I love homemade chili. I mean the thick, rich, spicy kind of chili, the kind that’ll stick-to-your-ribs. The cowboy kind.
Over the years I have tested different variations and finally came up with my favorite recipe. In this recipe, I use a combination of different cuts of meat that give a hearty texture and good bite to the chili, instead of just hamburger. The combination of meats gives this chili a thick and hearty consistency. The Masa Harina used in the recipe adds a subtle southwest flavor and gives thickness to the chili.
I use three different cuts: regular ground beef, ground chili meat, and fine dice stew meat. Here’s what they look like:
Regular Ground Beef
Coarse Ground Chili Meat
Fine Dice Stew Meat
Chili Con Carne
- 2 pounds fine dice stew meat
- 1 ½ pounds ground beef
- 1 ½ pounds coarse ground chili meat
- 2 tablespoons oil
- ½ cup Masa Harina or AP flour
- 1 large onion diced
- 4 cloves garlic minced & mashed
- 12 oz can tomato paste
- 29 oz can tomato sauce
- 12 oz bottle beer I used Shiner Bock
- 32 oz carton beef broth
- 3 tablespoons chili powder
- 1 tablespoon crushed red pepper to taste
- ½ teaspoon ground red pepper to taste
- 2 tablespoons ground cumin
- 1 tablespoons salt to taste
- 1 teaspoon ground black pepper to taste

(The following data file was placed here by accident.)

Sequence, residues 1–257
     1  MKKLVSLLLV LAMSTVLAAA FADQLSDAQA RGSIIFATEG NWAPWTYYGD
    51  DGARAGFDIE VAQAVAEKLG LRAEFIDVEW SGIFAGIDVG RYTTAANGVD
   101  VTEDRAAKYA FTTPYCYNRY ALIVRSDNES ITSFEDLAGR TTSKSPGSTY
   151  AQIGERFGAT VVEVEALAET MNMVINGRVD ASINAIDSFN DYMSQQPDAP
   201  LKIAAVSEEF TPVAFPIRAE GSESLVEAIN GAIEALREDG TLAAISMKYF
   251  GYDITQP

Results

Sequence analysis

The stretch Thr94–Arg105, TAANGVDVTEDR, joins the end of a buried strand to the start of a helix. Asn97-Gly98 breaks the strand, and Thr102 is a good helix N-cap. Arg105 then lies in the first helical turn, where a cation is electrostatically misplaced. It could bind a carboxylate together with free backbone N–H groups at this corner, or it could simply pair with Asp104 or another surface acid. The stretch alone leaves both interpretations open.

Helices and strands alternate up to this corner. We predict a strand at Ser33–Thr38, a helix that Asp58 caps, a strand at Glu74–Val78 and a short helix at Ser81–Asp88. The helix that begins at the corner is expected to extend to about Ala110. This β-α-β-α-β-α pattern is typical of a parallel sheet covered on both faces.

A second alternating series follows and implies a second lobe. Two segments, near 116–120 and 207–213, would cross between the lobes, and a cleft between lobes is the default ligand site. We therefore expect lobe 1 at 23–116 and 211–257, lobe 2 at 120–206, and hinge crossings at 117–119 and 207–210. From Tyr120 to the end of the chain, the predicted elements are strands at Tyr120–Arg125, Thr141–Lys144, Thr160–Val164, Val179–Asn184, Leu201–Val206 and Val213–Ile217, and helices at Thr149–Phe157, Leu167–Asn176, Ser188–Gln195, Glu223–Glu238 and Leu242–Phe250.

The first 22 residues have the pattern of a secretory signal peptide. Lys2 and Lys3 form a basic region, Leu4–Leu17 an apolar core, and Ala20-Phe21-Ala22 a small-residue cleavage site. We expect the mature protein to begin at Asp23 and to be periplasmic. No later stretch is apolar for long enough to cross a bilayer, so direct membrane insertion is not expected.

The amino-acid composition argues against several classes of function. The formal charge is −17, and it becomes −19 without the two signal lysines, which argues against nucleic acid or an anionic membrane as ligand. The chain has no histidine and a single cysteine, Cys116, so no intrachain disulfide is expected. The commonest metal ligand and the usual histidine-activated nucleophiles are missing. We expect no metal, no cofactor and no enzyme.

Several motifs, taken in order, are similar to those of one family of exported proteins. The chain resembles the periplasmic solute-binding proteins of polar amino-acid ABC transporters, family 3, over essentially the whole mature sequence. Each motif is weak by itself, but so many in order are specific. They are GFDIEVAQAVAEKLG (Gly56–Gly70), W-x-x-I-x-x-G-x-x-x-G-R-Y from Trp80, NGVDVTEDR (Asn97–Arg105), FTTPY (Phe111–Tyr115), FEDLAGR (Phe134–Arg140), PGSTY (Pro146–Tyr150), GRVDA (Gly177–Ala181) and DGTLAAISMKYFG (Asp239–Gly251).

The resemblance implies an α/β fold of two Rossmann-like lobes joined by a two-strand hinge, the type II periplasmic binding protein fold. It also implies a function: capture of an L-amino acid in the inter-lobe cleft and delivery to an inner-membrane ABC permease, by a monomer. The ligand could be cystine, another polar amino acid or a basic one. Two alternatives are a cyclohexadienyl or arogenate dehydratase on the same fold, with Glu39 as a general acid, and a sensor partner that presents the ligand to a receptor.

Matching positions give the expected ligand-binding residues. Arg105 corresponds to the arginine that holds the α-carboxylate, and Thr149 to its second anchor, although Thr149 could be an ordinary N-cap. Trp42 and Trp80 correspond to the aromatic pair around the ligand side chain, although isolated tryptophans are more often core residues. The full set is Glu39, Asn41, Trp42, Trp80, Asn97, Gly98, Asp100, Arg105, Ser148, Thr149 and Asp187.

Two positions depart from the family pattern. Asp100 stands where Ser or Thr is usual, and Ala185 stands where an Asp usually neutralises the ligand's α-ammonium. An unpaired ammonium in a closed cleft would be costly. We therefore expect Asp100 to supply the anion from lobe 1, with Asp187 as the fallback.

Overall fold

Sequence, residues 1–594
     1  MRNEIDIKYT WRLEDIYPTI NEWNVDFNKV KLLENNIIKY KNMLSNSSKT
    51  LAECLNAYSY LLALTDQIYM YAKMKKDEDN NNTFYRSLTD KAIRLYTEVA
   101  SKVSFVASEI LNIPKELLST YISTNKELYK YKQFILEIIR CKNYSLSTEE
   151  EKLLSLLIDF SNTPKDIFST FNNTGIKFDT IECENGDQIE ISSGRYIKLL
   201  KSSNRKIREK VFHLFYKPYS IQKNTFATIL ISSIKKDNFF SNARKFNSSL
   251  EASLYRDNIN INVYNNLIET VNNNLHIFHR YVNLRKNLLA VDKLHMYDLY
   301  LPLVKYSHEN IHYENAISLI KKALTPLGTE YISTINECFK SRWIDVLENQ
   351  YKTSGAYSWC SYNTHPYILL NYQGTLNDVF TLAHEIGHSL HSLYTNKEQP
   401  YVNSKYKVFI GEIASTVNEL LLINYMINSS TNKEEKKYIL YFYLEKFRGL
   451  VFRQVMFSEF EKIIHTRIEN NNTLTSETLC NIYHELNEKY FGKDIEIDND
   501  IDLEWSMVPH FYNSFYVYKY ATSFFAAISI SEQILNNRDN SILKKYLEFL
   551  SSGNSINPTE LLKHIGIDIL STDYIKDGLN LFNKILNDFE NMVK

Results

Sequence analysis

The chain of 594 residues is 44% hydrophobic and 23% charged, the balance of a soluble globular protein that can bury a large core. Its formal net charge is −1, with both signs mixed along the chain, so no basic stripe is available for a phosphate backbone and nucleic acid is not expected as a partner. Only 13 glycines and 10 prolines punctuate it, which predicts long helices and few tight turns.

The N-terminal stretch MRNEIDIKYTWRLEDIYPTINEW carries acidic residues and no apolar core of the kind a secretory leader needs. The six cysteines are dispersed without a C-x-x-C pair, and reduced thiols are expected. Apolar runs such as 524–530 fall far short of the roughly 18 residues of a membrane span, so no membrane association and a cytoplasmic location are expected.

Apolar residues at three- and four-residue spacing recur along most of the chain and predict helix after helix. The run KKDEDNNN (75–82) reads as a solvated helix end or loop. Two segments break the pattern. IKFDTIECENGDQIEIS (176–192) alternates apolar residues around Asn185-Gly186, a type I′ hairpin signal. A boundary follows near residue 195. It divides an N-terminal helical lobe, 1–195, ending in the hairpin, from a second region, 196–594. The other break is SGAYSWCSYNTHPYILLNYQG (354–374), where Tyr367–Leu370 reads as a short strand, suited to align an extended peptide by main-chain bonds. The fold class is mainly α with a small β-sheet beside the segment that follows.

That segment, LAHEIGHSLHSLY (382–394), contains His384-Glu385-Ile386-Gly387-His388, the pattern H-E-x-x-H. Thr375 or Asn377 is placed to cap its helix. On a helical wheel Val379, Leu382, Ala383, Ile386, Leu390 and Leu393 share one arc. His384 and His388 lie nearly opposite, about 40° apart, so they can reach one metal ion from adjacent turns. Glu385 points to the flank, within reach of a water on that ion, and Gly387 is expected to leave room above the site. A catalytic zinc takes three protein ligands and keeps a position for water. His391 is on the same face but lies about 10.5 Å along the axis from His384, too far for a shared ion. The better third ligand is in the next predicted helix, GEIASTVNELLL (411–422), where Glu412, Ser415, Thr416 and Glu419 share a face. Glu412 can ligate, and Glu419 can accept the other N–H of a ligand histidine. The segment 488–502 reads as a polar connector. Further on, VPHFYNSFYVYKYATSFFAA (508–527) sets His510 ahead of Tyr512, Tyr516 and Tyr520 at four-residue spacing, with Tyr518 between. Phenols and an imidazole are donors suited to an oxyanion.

- In a large soup pot, heat oil; meanwhile toss meat with Masa Harina and two large pinches of salt and cook meat (working in batches) over medium-high heat until well browned.
- Add onion and sauté until onion softens slightly. Add garlic and sauté until aroma develops. Add tomato paste and cook, while stirring, until tomato paste begins to brown.
- Add beer and broth and stir well, deglazing the pan.
- Add all remaining ingredients; bring to a boil, then reduce to a simmer. Cook for 45 minutes on low heat, stirring occasionally. Adjust seasoning to taste. Serve hot with cornbread, chips, cheese, and sour cream.
Masa Harina is a corn flour used to make corn tortillas and tamales. You can find it in most supermarkets. I like using Masa Harina in Chili because it gives it a richer, authentic flavor of the Southwest. You can use all-purpose flour to substitute.
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